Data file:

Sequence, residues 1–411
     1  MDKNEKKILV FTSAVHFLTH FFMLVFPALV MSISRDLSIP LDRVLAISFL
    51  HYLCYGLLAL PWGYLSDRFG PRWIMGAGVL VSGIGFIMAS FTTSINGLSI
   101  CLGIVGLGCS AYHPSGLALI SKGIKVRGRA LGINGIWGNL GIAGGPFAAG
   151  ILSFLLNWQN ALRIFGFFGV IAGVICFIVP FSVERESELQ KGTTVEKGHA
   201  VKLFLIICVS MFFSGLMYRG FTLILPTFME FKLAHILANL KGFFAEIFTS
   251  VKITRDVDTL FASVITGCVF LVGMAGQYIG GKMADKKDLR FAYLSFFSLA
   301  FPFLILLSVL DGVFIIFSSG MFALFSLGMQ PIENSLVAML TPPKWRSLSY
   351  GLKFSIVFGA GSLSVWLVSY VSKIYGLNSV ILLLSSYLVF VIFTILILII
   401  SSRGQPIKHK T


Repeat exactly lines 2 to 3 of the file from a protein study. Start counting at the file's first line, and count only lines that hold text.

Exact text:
     1  MDKNEKKILV FTSAVHFLTH FFMLVFPALV MSISRDLSIP LDRVLAISFL
    51  HYLCYGLLAL PWGYLSDRFG PRWIMGAGVL VSGIGFIMAS FTTSINGLSI